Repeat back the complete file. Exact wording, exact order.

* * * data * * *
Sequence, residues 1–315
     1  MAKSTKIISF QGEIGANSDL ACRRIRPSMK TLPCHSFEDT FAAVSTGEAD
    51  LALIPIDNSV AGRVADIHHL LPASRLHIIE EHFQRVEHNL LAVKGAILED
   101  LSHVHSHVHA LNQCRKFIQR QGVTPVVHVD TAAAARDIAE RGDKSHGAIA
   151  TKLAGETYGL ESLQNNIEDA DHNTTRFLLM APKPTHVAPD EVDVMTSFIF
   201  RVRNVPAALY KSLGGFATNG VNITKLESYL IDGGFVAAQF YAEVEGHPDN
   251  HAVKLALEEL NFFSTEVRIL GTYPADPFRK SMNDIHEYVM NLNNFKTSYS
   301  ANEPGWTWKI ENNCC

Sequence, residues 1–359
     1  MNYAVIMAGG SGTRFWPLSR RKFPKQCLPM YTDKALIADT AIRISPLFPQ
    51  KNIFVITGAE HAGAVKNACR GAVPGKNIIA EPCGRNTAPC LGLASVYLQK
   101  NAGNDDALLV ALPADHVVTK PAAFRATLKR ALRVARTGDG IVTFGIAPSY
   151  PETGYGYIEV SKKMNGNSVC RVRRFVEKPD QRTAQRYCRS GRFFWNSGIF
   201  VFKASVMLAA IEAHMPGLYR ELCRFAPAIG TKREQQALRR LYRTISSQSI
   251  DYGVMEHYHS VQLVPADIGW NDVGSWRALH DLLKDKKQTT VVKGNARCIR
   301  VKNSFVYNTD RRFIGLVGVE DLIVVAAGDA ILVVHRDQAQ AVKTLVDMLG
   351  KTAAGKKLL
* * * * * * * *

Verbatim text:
Sequence, residues 1–315
     1  MAKSTKIISF QGEIGANSDL ACRRIRPSMK TLPCHSFEDT FAAVSTGEAD
    51  LALIPIDNSV AGRVADIHHL LPASRLHIIE EHFQRVEHNL LAVKGAILED
   101  LSHVHSHVHA LNQCRKFIQR QGVTPVVHVD TAAAARDIAE RGDKSHGAIA
   151  TKLAGETYGL ESLQNNIEDA DHNTTRFLLM APKPTHVAPD EVDVMTSFIF
   201  RVRNVPAALY KSLGGFATNG VNITKLESYL IDGGFVAAQF YAEVEGHPDN
   251  HAVKLALEEL NFFSTEVRIL GTYPADPFRK SMNDIHEYVM NLNNFKTSYS
   301  ANEPGWTWKI ENNCC

Sequence, residues 1–359
     1  MNYAVIMAGG SGTRFWPLSR RKFPKQCLPM YTDKALIADT AIRISPLFPQ
    51  KNIFVITGAE HAGAVKNACR GAVPGKNIIA EPCGRNTAPC LGLASVYLQK
   101  NAGNDDALLV ALPADHVVTK PAAFRATLKR ALRVARTGDG IVTFGIAPSY
   151  PETGYGYIEV SKKMNGNSVC RVRRFVEKPD QRTAQRYCRS GRFFWNSGIF
   201  VFKASVMLAA IEAHMPGLYR ELCRFAPAIG TKREQQALRR LYRTISSQSI
   251  DYGVMEHYHS VQLVPADIGW NDVGSWRALH DLLKDKKQTT VVKGNARCIR
   301  VKNSFVYNTD RRFIGLVGVE DLIVVAAGDA ILVVHRDQAQ AVKTLVDMLG
   351  KTAAGKKLL